Richard Sibbes “Some are loath to do good because they feel their hearts rebelling, and duties turn out badly. We should not avoid good actions because of the infirmities attending them. Christ looks more at the good in them which he means to cherish than the ill in them which he means to abolish. Though eating increases a disease, a sick man will still eat, so that nature may gain strength against the disease. So, though sin cleaves to what we do, yet let us do it, since we have to deal with so good a Lord, and the more strife we meet with, the more acceptance we shall have. Christ loves to taste of the good fruits that come from us, even though they will always savor of our old nature.”

“A Christian complains he cannot pray. `Oh, I am troubled with so many distracting thoughts, and never more than now!’ But has he put into your heart a desire to pray? Then he will hear the desires of his own Spirit in you. `We know not what we should pray for as we ought’ (nor how to do anything else as we ought), but the Spirit helps our infirmities with `groanings which cannot be uttered’ (Rom. 8:26), which are not hid from God. `My groaning is not hid from thee’ (Psa. 38:9). God can pick sense out of a confused prayer. These desires cry louder in his ears than your sins. Sometimes a Christian has such confused thoughts that he can say nothing but, as a child, cries, `O Father’, not able to express what he needs, like Moses at the Red Sea. These stirrings of spirit touch the heart of God and melt him into compassion towards us, when they come from the Spirit of adoption, and from a striving to be better.”

“`Oh, but is it possible’, thinks the misgiving heart, `that so holy a God should accept such a prayer?’ Yes, he will accept that which is his own, and pardon that which is ours. Jonah prayed in the fish’s belly (Jon. 2:1), being burdened with the guilt of sin, yet God heard him. Let not, therefore, infirmities discourage us. James takes away this objection (James 5:17). Some might object, `If I were as holy as Elijah, then my prayers might be regarded.’ `But,’ says he, ‘Elijah was a man subject to like passions as we are.’ He had his passions as well as we, or do we think that God heard him because he was without fault? Surely not. But look at the promises: `Call upon me in the day of trouble: I will deliver thee’ (Psa. 50:15). `Ask, and it shall be given you’ (Matt. 7:7) and others like these. God accepts our prayers, though weak, because we are his own children, and they come from his own Spirit; because they are according to his own will; and because they are offered in Christ’s mediation, and he takes them, and mingles them with his own incense (Rev. 8:3).”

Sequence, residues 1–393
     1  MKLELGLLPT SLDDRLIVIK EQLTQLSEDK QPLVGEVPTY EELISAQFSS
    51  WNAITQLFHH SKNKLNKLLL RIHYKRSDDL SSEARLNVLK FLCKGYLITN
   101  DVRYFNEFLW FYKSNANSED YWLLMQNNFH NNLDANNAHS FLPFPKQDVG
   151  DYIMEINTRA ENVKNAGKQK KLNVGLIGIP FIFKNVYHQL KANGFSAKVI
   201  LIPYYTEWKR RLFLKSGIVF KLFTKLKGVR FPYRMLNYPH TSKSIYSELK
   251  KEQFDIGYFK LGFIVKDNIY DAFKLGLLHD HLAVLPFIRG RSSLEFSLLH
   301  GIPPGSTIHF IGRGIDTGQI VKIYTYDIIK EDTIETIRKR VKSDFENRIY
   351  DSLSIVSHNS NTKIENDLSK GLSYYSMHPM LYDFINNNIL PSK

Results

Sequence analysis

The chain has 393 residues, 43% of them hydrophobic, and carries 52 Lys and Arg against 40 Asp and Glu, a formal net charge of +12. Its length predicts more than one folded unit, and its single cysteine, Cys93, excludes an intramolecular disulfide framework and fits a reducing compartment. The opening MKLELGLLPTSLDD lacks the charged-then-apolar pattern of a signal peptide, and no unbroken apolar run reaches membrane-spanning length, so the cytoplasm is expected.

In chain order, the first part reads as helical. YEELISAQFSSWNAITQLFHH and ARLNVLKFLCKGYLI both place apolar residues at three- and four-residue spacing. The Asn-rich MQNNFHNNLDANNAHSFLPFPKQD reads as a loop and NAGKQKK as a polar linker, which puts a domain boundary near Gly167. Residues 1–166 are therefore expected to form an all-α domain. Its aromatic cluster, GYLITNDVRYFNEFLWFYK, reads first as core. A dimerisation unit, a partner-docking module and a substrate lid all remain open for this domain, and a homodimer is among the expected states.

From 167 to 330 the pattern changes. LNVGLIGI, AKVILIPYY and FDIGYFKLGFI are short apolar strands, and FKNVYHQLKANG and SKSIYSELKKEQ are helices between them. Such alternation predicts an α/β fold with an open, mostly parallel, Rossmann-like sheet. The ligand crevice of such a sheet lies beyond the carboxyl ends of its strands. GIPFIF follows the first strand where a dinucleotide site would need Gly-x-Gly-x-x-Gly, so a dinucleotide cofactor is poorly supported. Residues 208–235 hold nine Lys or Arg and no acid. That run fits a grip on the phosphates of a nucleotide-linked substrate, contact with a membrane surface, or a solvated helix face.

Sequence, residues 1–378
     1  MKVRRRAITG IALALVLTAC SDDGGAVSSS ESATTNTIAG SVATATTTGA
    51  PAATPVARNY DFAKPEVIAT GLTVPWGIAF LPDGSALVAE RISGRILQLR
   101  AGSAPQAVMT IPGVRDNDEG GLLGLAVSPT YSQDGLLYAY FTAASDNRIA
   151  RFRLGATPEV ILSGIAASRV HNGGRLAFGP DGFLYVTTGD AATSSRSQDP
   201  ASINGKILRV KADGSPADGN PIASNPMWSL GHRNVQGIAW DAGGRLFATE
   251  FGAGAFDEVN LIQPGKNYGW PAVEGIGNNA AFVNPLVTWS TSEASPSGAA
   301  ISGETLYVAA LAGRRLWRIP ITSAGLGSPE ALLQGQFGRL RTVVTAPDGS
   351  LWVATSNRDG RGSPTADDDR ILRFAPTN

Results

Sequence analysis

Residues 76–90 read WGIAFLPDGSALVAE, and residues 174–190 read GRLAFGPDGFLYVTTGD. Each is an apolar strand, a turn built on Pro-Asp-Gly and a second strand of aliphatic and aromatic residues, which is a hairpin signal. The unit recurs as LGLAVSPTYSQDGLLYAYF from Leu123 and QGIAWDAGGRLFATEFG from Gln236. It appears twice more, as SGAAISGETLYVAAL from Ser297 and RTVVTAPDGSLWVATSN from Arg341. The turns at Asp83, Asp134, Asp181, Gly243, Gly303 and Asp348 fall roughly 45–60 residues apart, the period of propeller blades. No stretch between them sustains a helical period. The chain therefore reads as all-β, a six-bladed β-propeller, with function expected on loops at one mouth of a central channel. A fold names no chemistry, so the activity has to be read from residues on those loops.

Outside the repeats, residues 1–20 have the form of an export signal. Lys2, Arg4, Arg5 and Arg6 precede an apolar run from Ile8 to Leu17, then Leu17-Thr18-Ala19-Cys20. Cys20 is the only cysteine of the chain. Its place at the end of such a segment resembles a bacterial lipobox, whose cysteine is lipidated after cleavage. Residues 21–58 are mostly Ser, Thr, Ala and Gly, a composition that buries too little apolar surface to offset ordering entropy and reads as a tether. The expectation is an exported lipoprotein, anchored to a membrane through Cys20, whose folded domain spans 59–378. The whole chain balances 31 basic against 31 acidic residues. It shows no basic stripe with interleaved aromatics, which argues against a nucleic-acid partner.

“There is never a holy sigh, never a tear we shed, which is lost. And as every grace increases by exercise of itself, so does the grace of prayer. By prayer we learn to pray. So, likewise, we should take heed of a spirit of discouragement in all other holy duties, since we have so gracious a Saviour. Pray as we are able, hear as we are able, strive as we are able, do as we are able, according to the measure of grace received. God in Christ will cast a gracious eye upon that which is his own.”

Extract from The Bruised Reed by Richard Sibbes.


Baptism Part 1 – Paedobaptism and Credobaptism

October 10, 2009

baptism

Two excellent resources containing dialogue between proponents of infant and believer’s baptism:

1. R.C. Sproul and John MacArthur:

A. The Case for Infant Baptism: The Historic Paedo-Baptist Position by R.C. Sproul. (MP3 download)

B. The Case for Believer’s Baptism: The Credo Baptist Position by John MacArthur. (MP3 download)

2. Pastor William Shishko and Dr. James White (debate):

MP3 Download: Part 1, Part 2


Phil Johnson on Heresies

September 30, 2009

phil johnson Heard any new heresies lately? I doubt it.

Quote:

“It’s important for Christians to have a grasp of heresies that the church has battled over the centuries, because they often return with new clothing, and the unprepared Christian is likely to fall into these old pits. Phil does an excellent job of looking at some of the major heresies that are revisiting the church today: Socinianism, Arianism, Pelagianism, Gnosticism, and Judaizing. This is an excellent 6 part series that will shore up some weak points in the church today.”

The series is available at the GraceLife Pulpit web site or you can download each MP3 individually below.

  1. The Judaizers
  2. The Gnostics
  3. The Arians, #1
  4. The Arians, #2
  5. The Pelagians
  6. The Socinians